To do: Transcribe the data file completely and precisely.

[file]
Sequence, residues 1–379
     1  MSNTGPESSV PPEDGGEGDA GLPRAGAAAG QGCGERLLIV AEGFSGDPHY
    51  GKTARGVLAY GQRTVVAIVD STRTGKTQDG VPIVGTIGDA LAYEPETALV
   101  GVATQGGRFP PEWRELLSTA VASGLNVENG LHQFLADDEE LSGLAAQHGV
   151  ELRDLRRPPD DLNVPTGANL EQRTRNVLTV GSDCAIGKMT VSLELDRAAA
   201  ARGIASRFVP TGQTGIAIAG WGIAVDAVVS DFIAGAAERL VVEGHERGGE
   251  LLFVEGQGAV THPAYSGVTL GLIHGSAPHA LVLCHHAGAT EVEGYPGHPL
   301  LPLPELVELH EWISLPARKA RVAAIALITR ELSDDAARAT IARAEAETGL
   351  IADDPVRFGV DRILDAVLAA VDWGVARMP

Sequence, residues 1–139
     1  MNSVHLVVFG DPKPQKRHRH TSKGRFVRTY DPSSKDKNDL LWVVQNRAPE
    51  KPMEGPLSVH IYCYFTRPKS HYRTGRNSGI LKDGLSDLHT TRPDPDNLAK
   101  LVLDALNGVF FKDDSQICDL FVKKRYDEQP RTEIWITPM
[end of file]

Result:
Sequence, residues 1–379
     1  MSNTGPESSV PPEDGGEGDA GLPRAGAAAG QGCGERLLIV AEGFSGDPHY
    51  GKTARGVLAY GQRTVVAIVD STRTGKTQDG VPIVGTIGDA LAYEPETALV
   101  GVATQGGRFP PEWRELLSTA VASGLNVENG LHQFLADDEE LSGLAAQHGV
   151  ELRDLRRPPD DLNVPTGANL EQRTRNVLTV GSDCAIGKMT VSLELDRAAA
   201  ARGIASRFVP TGQTGIAIAG WGIAVDAVVS DFIAGAAERL VVEGHERGGE
   251  LLFVEGQGAV THPAYSGVTL GLIHGSAPHA LVLCHHAGAT EVEGYPGHPL
   301  LPLPELVELH EWISLPARKA RVAAIALITR ELSDDAARAT IARAEAETGL
   351  IADDPVRFGV DRILDAVLAA VDWGVARMP

Sequence, residues 1–139
     1  MNSVHLVVFG DPKPQKRHRH TSKGRFVRTY DPSSKDKNDL LWVVQNRAPE
    51  KPMEGPLSVH IYCYFTRPKS HYRTGRNSGI LKDGLSDLHT TRPDPDNLAK
   101  LVLDALNGVF FKDDSQICDL FVKKRYDEQP RTEIWITPM